Bolivia takes sea access dispute with Chile to world court
THE HAGUE, Netherlands (AP) — Bolivia made an emotional appeal Monday for the International Court of Justice to order Chile to enter talks over granting its landlocked neighbor access to the Pacific Ocean, saying the dispute will remain a source of conflict if it’s not resolved.
Bolivia lost its only seacoast to Chile during a war that lasted between 1879 and 1883. The nation has demanded ocean access for generations and accuses Chile of reneging on pledges to negotiate.
“For 139 years, Bolivia has suffered the historical injustice of becoming landlocked,” former Bolivian President Eduardo Rodriguez Veltze told judges at the world court’s headquarters, the Peace Palace, in the Netherlands. “Restoring Bolivia’s sovereign access to the sea would make a small difference to Chile, but it would transform the destiny of Bolivia.”
Chile argues that its border with Bolivia was settled in a 1904 treaty and that it’s not under any legal obligation to negotiate. Chile’s lawyers will present their case later this week.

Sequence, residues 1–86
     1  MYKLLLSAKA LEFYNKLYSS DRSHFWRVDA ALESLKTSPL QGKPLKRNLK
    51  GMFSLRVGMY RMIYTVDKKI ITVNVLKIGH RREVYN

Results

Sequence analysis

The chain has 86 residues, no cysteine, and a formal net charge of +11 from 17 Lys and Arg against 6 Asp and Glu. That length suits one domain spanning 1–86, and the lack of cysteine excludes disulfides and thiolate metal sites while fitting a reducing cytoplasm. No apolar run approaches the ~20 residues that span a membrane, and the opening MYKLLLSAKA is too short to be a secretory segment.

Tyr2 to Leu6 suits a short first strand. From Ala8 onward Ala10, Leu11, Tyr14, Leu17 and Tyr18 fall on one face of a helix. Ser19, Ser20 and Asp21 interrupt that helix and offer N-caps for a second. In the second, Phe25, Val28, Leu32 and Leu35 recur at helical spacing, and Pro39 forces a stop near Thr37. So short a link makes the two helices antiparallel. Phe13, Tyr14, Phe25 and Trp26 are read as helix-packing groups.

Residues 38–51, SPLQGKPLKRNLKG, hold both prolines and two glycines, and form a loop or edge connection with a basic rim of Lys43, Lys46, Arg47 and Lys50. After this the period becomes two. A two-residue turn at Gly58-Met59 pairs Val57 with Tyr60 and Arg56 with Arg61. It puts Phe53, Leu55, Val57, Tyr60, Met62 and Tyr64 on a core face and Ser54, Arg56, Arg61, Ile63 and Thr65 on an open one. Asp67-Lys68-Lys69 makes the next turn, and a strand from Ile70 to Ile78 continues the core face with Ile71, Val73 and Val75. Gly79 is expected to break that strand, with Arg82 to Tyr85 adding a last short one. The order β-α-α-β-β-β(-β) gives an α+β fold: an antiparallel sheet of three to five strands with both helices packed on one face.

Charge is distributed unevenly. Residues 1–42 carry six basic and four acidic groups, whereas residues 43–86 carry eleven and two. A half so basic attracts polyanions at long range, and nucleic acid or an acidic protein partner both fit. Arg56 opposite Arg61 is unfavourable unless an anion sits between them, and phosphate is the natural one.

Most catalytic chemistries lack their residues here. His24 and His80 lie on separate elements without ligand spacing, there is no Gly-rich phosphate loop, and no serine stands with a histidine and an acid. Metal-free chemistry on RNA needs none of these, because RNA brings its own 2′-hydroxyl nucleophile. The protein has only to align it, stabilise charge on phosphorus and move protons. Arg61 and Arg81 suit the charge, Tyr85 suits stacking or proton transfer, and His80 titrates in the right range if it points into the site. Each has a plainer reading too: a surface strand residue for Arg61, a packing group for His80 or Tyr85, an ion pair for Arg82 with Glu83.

Prof. Payam Akhavan, a lawyer representing Bolivia, said that despite the treaty, Chile had made repeated pledges to find a solution to the dispute.
“If the 1904 treaty settled all issues for all times, if there was no remaining dispute, why did the parties continue to negotiate sovereign access for more than a century?” he said.
“This case is not an academic exercise. It is not mere political posturing,” Akhavan told the International Court judges. “The people have suffered real and continuing injury. Chile cannot sweep this dispute under the carpet. It will remain a constant source of conflict until it is resolved.”
Hundreds of Bolivians followed the beginning of the trial on giant screens set up in public squares. In La Paz, traditional shamans performed an offering Monday to the Andean goddess Pachamama, which in English translates to Mother Earth, at the square in front of the presidential palace.
Vice President Alvaro Garcia, several cabinet ministers, military and police chiefs attended the ceremony.
In the Netherlands, Rodriguez said that Bolivia’s lack of direct access to the sea is holding back its economy.
“It is estimated that if Bolivia had not been stripped of the sea, the annual GDP (gross domestic product) growth could be at least 20 percent higher,” he told judges.
Rulings by the court, the United Nations’ highest judicial organ, are final and binding. Judges will likely take months to issue a decision.